Occupy The Courts Protesters Seek To End Citizens United
There are some who say that the Executive and Legislative branches of the United States Government no longer exist to serve the majority of American citizens. These “radical thinkers” believe that our political system, including state and federal elections, have been sold to the highest bidder: multi-national corporations.
And what facilitated this auction? The Supreme Court’s shocking Citizens United vs. FEC ruling, which welcome unprecedented and undisclosed amounts of corporate money to flow freely into our political system.
Today, January 21, is the two year anniversary of that fateful decision. And yesterday, thousands of protesters staged hundreds of demonstrations to let the Supreme Court know that it’s been two years, too long.
Inspired by the success of Occupy Wall Street, and Dr. Cornell West, who was arrested on the steps of the Supreme Court last month, Occupy the Courts was organized by Move to Amend: an organization “dedicated to ending the illegitimate legal doctrines that prevent the American people from governing ourselves.”
Around the country, protesters occupied the space in and around over 100 Federal Courthouses, including the Supreme Court. In Gainsville, Florida, hundreds gathered at the Bo Diddley community plaza to hear civil rights activist, Dr. Cornel West, speak out about corporate greed.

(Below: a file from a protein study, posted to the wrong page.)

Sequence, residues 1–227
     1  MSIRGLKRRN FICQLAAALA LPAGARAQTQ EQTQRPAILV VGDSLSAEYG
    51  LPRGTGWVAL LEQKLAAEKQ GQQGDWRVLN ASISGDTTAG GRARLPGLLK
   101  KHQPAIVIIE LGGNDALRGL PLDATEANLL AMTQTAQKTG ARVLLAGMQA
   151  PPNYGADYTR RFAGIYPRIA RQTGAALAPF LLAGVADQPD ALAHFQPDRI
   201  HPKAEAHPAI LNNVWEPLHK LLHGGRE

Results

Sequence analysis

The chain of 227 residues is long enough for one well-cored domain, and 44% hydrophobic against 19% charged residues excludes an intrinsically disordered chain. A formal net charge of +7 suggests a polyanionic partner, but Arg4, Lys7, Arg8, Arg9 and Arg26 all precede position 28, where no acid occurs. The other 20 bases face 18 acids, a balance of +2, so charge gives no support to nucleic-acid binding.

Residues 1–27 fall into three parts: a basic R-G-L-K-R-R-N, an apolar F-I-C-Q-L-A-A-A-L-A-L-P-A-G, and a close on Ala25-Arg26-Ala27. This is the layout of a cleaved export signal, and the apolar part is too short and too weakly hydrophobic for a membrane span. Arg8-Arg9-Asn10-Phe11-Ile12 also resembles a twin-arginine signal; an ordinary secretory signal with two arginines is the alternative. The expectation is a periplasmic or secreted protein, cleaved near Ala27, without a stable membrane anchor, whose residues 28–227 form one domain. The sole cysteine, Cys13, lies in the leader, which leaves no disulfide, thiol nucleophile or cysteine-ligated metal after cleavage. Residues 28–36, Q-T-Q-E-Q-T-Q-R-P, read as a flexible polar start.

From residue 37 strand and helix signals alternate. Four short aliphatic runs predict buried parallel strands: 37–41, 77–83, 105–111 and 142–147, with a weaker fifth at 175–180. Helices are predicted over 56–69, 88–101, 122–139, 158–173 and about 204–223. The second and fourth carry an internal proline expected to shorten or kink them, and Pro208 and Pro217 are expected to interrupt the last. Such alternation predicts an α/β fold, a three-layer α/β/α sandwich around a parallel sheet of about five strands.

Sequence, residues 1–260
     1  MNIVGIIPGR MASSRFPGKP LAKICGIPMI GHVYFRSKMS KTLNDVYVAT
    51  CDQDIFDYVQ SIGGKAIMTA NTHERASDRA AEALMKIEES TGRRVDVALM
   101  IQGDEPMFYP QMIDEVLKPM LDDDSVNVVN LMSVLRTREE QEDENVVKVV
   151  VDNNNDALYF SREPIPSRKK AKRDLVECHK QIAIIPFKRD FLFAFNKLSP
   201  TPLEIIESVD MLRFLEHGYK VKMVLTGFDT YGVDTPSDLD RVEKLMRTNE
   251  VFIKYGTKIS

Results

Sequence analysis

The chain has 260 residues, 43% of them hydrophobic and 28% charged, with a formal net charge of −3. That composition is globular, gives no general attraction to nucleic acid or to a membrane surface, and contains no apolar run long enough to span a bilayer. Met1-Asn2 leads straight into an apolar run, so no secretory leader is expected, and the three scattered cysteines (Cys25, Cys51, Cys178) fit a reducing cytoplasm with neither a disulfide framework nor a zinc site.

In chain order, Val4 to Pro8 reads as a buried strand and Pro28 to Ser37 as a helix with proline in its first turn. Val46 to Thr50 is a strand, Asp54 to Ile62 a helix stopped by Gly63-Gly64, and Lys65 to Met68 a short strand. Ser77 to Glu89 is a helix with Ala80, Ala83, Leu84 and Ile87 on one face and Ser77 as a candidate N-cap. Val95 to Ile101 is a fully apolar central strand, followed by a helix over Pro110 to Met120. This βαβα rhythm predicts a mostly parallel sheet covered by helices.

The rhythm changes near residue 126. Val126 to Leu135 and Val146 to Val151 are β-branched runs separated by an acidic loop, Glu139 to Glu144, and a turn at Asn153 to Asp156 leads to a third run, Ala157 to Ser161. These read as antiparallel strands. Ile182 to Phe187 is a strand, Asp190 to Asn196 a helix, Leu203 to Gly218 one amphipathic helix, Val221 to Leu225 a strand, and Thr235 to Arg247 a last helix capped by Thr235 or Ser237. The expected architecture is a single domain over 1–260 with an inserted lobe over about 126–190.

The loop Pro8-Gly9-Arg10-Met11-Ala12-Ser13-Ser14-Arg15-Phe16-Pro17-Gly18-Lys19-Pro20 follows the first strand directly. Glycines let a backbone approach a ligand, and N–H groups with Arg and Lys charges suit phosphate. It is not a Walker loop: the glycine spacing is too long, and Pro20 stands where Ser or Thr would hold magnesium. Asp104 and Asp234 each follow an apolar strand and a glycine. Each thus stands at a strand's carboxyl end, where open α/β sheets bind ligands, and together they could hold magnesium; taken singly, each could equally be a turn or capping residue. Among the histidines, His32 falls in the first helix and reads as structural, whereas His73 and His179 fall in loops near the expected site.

While most Occupy The Courts demonstrations were peaceful and attended by a few hundred people or less, there were still clashes with local police in some cities.
At the Supreme Court rally, 11 were arrested after demonstrators dismantled a police barricade before rushing the court plaza and steps, according to ABC News. One was arrested inside the building for unlawful entry. At least a dozen were arrested in San Francisco after protesters refused to break a human chain around the Wells Fargo headquarters. San Francisco police say all arrests were for alleged trespassing.
At the Occupy the Courts rally in Portland, several protesters appeared dressed as U.S. Supreme Court justices, their suits festooned with the logos of big corporations such as Ford, Exxon and McDonald’s. Government police detained two demonstrators after an altercation on the steps of the historic Pioneer Courthouse, but no arrests were reported.
If you believe that corporate are NOT people, that they ARE NOT entitled to the same rights of privacy as actual human beings, and that their money DOES NOT equal speech, please sign the petition below.
Photo from watchingfrogsboil via flickr